This Week's Comment from Network 7 News 

Edition 380 October 9, 2004.  

 This weeks  was written by AWR's English Language Service Director, Victor Hulbert.  The full programme can be heard in Real Audio on our web-site.

Hurricanes and Peace

For a rough translation in your own language click here: Translate now

My Japanese friend Aki emailed me the other day.  Hes been feeling the wrath of this years storms both in the US and in the Pacific.  He found himself driving a car in the direction of hurricane Ivan, though thankfully he missed the worst of it, then returned to Japan in time to be hit be Typhoon 21 The Japanese like to number their storms rather than personalise them with names.  

Sunday night I somewhat agreed with the Japanese, why give a name to a storm that is trying to destroy your life and your belongings.  At the time I was in a caravan, a storm was howling outside and I was trying to plan escape routes should the van be picked up and tossed into the next field.  The fact that I am here talking to you today demonstrates that the worst didnt happen, but neither Luisa or I got much sleep that night.  

Strange really, as wed headed west for two or three days of peace and quiet.  We needed some time.  Luisa had just been through the sadness of burying her father.  We felt under pressure and a visit to some of our favourite haunts of the past seemed the ideal way to do it.  Gale force winds in a rocking caravan were not part of the plan.  

Luisa and I both love nature, and were both keen walkers so our plan was to relax along some costal footpaths.  While that did happen in the glorious sunshine of Monday and Tuesday, it did not happen in the rain and gales that Sunday.  I did walk the dog, dressed up in full waterproofs, then we went off in the car, eventually ending up at a favourite old church of ours, St. Just-in-Roseland, dating back to the 12th century, and based on a religious community that had been there for hundreds of years before that.  

Its a church that attracts many tourists, set as it is in beautiful gardens sloping down to an inlet of the River Fal.  The flowering hydrangeas were at their best, blues, pinks and whites in various hues somehow brought out by the rain. However, it was something inside the church that made the greatest impression on me.  

There is a sign inside the door that welcomes visitors and, while most come as tourists, invites them to spend a moment in meditation.  That wasnt hard for us, as with the bad weather outside we had the church to ourselves.  What struck me most was an invitation directing us to the front of the church where a prayer book was set by a small altar.  Visitors were invited to records their prayers in the book, and to spend a few moments in prayer for themselves, and for the others whose prayers were already recorded there.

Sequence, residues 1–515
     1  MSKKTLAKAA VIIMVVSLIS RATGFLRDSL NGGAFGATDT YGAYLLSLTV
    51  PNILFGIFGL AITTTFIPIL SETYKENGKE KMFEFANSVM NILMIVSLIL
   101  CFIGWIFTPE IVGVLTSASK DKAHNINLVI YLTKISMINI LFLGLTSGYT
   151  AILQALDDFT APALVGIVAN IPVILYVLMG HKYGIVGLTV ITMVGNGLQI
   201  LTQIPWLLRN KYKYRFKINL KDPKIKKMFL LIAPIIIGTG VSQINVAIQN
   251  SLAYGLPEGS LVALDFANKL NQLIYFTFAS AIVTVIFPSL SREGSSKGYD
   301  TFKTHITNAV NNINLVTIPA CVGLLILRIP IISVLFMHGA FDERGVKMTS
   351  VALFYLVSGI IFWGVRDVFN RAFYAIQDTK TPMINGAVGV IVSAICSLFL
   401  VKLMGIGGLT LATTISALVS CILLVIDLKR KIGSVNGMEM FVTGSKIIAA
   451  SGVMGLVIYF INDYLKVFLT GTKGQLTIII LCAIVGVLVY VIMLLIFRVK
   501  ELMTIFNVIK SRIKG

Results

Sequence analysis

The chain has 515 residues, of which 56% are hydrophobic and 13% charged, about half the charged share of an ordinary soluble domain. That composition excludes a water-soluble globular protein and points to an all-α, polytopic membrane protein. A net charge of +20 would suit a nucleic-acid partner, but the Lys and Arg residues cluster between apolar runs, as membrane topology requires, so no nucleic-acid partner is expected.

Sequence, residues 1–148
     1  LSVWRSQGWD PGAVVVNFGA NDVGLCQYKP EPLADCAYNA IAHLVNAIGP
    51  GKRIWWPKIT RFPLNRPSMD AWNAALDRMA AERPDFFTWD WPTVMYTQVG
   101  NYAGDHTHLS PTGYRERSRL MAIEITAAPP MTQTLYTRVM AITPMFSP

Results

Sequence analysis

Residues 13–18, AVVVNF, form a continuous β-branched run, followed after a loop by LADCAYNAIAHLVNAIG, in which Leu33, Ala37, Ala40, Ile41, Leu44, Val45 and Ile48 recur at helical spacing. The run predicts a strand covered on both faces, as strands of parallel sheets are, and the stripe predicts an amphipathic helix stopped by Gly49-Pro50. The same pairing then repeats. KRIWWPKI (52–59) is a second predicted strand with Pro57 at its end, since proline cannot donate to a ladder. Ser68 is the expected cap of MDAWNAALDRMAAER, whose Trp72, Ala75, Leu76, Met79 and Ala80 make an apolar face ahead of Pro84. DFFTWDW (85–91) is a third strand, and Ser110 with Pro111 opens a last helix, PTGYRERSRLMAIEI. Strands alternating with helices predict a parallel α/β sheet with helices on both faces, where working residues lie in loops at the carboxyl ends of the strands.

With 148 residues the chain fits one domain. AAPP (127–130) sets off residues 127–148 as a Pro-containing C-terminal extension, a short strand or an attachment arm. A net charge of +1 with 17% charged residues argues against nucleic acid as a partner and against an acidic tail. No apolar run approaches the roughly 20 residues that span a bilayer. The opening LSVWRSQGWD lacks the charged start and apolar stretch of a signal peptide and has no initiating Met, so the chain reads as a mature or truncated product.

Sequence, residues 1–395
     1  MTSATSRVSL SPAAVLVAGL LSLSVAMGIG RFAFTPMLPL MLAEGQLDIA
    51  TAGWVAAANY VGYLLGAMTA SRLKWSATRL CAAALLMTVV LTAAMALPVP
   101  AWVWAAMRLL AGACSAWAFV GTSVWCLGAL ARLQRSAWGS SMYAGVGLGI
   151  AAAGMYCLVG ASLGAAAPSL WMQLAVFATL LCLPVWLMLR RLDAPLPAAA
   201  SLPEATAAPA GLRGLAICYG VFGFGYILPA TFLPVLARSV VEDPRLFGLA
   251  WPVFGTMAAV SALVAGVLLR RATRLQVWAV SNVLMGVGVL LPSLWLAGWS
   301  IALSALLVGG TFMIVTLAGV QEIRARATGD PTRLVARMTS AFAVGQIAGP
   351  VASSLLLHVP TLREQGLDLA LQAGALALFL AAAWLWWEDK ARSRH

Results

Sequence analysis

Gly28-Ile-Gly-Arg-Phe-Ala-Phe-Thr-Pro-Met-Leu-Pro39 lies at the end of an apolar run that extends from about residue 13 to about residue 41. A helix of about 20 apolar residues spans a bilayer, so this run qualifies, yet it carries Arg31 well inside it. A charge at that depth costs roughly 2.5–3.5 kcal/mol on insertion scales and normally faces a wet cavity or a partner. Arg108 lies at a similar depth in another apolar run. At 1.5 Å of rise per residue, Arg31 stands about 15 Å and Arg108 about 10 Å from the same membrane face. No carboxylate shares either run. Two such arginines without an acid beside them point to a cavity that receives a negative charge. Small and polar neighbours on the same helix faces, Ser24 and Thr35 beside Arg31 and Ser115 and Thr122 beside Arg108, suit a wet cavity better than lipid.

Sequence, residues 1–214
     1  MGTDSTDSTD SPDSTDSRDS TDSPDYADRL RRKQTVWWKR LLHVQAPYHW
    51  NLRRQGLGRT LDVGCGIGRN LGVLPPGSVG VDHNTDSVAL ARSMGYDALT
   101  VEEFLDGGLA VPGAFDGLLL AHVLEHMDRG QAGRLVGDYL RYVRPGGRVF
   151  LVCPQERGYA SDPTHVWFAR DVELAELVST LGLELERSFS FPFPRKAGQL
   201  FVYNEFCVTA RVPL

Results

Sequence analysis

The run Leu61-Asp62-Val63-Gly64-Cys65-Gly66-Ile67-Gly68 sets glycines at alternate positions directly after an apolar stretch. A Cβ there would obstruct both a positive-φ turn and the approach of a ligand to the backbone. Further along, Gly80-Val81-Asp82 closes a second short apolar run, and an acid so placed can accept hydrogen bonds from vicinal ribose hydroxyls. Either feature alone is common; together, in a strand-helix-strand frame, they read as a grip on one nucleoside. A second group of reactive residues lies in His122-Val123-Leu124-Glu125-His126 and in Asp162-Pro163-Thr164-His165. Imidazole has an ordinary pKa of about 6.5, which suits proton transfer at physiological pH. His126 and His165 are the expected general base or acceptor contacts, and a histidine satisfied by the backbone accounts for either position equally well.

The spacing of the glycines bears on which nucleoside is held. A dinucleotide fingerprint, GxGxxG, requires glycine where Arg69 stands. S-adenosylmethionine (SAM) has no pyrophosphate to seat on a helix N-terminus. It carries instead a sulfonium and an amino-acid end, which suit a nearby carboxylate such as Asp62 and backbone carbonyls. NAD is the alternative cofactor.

I leafed back through the pages.  Some prayers were quite poetic, almost works of art.  Others, simple requests for healing, or hope, or peace.  Many were also acts of thankfulness.  There were a variety of languages, and contributions from all ages.  As I read, I found myself strangely moved.  It was a real and continuing act of worship.  I added my own prayer to the book and prayed for those who had gone before.  And even now as I think of it, there may be somebody, a stranger, visiting that church right now, and his silent prayer includes me in it.  The thought is very reassuring.  This church, as old as history, traditional in many ways, tracing its roots back to Celtic times, has found a ministry meaningful to the passing tourist.  

There are, of course, those who question the value of such traditions.  Does prayer really work?  What is the point of my praying for a total stranger?  And while we could enter into a theological debate at this stage, Id rather speak from the heart and simply say that it did something for me.  

A something I think the apostle Paul would have understood.  He may have been a great theologian, but he also wrote some things that were simple and straightforward.  This is one of my favourites.  

Philip. 4:4-7 (NIV)  The Lord is near. 6Do not be anxious about anything, but in everything, by prayer and petition, with thanksgiving, present your requests to God. 7And the peace of God, which transcends all understanding, will guard your hearts and your minds in Christ Jesus.  

In times of bereavement, hardship or suffering, as well as those times when the sun is shining and all seems right with the world, its a promise Ive come to trust and maybe even one that you and I, here on the radio, can share together, as we give thanks and pray for each other.

If you would like to comment on this story or any issues arising from our programmes or web-site, or would like to request our free "Discover Bible Guides" please e-mail letters@awr.org. Thank you.

 Return to top.    Return to Network 7 News Main Page.